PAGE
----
Ride a river. The South Platte (French for “flat”) River runs smack dab through downtown, and it’s a great place to get wet and learn or hone river riding skills. Confluence Kayaks is right by Confluence Park and you can get on-the-sport lessons or take guided outings with the crew of avid paddlers. There’s an armada of man-made kayak chutes and other river structures made for kayak play, so you can stay put in one spot and ride the eddies to your heart’s content. Or you can book a guided run using touring kayaks, inflatables and even canoes for a 12-mile float from nearby Chatfield Reservoir into downtown.

Follow the Ale Trail. Colorado’s the top beer producing state, a distinction largely due to brewing behemoths Molson Coors and Anheuser Bush. But in Denver, there’s no need to quaff the commercial stuff with all the downtown breweries and pubs that make some of the country’s best beers. Most are within walking distance. The short list includes Wynkoop Brewing Company, Sandlot Brewery at Coors Field, Breckenridge Brewery, Rock Bottom Brewery, Chop House & Brewery, Great Divide Brewing Company, Bull & Bush Brewery and Vine Street Pub. We’re talking serious suds here (especially potent if you’re not used to Denver’s thin air), so take it easy on yourself and ride a bike or take the free Mall shuttle.

Catch music. Hands down, the most scenic concert venue in the country (world?) has to be Red Rocks Park and Amphitheatre. The Beatles, U2, Police, Lyle Lovett … the list is endless of top talent that has played here. This absolutely unique, 9,450-seat venue is flanked by spectacular 300-foot red sandstone rock formations, and the outdoor seating has see-forever views looking out over Denver and the Great Plains beyond. Red Rocks is open year-round and includes an interactive visitor center with educational displays, a restaurant and an official Colorado Welcome Center. And make sure to see the park itself. The dramatic Hogback rock formation is incredible, plus there are numerous trails for hiking and mountain biking (note: bring a camera).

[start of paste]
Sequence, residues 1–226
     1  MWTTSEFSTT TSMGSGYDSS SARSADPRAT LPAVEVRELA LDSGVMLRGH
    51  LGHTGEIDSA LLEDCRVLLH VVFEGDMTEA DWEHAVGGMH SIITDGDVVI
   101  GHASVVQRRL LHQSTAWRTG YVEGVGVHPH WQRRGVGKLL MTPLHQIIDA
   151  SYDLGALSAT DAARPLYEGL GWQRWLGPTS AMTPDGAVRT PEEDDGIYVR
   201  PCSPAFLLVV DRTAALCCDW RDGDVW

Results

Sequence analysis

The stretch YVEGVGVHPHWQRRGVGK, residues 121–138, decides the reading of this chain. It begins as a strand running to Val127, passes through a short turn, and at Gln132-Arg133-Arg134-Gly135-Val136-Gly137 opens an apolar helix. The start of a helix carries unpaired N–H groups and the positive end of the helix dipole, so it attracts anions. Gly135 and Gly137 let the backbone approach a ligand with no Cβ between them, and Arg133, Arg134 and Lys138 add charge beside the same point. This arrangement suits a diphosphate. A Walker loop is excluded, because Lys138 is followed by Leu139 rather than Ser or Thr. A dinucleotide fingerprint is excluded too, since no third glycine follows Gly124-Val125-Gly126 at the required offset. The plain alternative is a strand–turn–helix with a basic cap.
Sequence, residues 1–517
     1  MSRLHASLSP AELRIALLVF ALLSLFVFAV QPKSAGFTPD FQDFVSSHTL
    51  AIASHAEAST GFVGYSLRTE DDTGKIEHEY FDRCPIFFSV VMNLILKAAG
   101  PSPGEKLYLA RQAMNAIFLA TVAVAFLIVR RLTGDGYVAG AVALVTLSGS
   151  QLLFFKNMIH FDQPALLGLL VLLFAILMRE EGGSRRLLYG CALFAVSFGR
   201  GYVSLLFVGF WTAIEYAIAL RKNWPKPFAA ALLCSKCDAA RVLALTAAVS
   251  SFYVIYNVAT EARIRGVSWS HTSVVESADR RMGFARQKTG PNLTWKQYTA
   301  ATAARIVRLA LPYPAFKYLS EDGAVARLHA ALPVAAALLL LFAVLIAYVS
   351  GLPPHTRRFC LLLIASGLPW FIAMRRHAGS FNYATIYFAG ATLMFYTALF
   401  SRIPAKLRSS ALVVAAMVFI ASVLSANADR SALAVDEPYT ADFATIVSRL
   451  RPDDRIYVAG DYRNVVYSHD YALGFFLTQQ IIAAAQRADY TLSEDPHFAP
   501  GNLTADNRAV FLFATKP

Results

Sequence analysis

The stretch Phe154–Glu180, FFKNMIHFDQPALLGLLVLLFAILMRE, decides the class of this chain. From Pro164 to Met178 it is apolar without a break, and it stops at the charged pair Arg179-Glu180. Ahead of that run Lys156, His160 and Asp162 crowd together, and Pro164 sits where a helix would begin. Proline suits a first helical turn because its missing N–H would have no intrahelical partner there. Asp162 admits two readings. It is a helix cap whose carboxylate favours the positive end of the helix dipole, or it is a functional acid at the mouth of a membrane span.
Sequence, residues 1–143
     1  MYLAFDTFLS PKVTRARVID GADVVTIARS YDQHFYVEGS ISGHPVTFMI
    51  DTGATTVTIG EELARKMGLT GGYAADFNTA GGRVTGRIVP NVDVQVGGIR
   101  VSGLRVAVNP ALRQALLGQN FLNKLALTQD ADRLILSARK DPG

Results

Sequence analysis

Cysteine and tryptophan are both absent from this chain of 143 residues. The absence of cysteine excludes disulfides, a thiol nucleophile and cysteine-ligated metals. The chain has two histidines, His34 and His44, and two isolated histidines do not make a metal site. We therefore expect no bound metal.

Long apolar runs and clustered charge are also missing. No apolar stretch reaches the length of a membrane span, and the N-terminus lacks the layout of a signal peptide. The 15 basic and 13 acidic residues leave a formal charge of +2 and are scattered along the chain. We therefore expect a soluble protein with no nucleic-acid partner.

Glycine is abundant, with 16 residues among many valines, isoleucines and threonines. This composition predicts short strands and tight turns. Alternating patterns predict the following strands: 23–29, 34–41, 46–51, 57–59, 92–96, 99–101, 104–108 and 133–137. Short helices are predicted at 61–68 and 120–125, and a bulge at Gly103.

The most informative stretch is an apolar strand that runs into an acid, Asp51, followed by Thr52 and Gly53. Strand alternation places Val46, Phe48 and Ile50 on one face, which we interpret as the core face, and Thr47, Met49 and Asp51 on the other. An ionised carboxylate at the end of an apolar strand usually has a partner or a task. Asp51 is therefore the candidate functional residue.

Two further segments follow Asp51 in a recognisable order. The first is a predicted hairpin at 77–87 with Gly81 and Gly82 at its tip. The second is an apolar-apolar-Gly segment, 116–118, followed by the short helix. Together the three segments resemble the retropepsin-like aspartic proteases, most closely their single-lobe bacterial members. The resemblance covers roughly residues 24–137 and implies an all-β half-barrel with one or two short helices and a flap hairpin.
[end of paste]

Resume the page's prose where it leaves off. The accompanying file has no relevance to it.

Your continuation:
Shop on a spree. A shopaholic’s Nirvana could be the chic shops lining the 16-square blocks of shady tree-lined streets in Cherry Creek North. Here you’ll find the region’s largest selection of independently owned businesses, featuring upwards of 350 boutiques, spas, salons restaurants, bars and galleries. Between the sunken gardens, sidewalk café seating, cornucopia of flowers and glamour types looking like refugees from Rodeo Drive, you don’t even have to buy anything to have fun here.

Liquefy. You can swim with the fishes in landlocked Denver if you head to the Downtown Aquarium. There’s a broad taxonomical resume of critters that swim, slink, dart, swing, climb and crawl –- more than 15,000 fish, mammals and even swimming Sumatran tigers. You can even swim with moray eels, a 250-pound Queensland grouper and 400 of their closest friends in the Under The Sea exhibit. The upscale restaurant is incredible, next to a massive aquarium (don’t order fish if you’ve got a conscience, though), and the ultra-swank Dive Lounge is one of my favorites for its cool tranquility.

Walk for art. Denver’s Art District on Santa Fe is the place to be on First Fridays each month, when a swell of art aficionados (OK, some party types as well) take advantage of the open-door policy of the galleries and drop in to chat with artists and, on occasion, enjoy a glass of wine while perusing art. This unique, homegrown and totally indie art and cultural district counts over 40 galleries, restaurants and shops located just south of downtown Denver, Colorado. The artsy enclave is filled with contemporary, emerging and traditional art including painting, sculpture, photography, mixed media, graphic art and textiles.

Be a thrill rider. So you like to scare yourself silly? Denver’s got your E-ticket, and it’s called Elitch Gardens, right on the banks of the South Platte River across from the Pepsi Center, Downtown Aquarium and within an easy walk of central downtown. Its history stretches all the way back to the 19th century, but this theme park is entirely 21st century modern. You’ll swoon over dozens of state-of-the-art coasters, several great family rides and the Island Kingdom Water Park.

Here are some photos taken around Denver:

Created with Admarket’s flickrSLiDR.

Related Orbitz resources:

By ski, bike, kayak, safari vehicle and on foot, Ted Alan Stedman has
journeyed in six continents and hopes to soon close in on number seven:
Antarctica. The Denver-based writer is a former ski journalist for the
Rocky Mountain News, and these days is a regular contributor to Sport Diver, Islands, Sunset, Outside and Outdoor Photographer magazines.

Tagged: Denver